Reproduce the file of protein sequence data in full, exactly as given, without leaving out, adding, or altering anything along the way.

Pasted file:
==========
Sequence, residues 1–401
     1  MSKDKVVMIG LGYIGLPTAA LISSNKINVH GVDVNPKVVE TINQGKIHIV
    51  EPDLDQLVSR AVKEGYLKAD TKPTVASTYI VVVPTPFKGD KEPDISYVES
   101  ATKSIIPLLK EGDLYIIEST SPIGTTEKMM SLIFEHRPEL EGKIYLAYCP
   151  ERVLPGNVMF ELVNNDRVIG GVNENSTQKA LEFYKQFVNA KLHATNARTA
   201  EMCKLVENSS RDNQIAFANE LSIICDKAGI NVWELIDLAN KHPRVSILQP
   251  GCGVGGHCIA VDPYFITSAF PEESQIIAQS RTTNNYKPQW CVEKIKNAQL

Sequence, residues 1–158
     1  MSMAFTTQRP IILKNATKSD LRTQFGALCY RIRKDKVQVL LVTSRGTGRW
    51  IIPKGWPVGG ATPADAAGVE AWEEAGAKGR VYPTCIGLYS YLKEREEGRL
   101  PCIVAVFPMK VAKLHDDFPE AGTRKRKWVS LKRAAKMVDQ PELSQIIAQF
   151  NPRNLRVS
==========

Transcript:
Sequence, residues 1–401
     1  MSKDKVVMIG LGYIGLPTAA LISSNKINVH GVDVNPKVVE TINQGKIHIV
    51  EPDLDQLVSR AVKEGYLKAD TKPTVASTYI VVVPTPFKGD KEPDISYVES
   101  ATKSIIPLLK EGDLYIIEST SPIGTTEKMM SLIFEHRPEL EGKIYLAYCP
   151  ERVLPGNVMF ELVNNDRVIG GVNENSTQKA LEFYKQFVNA KLHATNARTA
   201  EMCKLVENSS RDNQIAFANE LSIICDKAGI NVWELIDLAN KHPRVSILQP
   251  GCGVGGHCIA VDPYFITSAF PEESQIIAQS RTTNNYKPQW CVEKIKNAQL

Sequence, residues 1–158
     1  MSMAFTTQRP IILKNATKSD LRTQFGALCY RIRKDKVQVL LVTSRGTGRW
    51  IIPKGWPVGG ATPADAAGVE AWEEAGAKGR VYPTCIGLYS YLKEREEGRL
   101  PCIVAVFPMK VAKLHDDFPE AGTRKRKWVS LKRAAKMVDQ PELSQIIAQF
   151  NPRNLRVS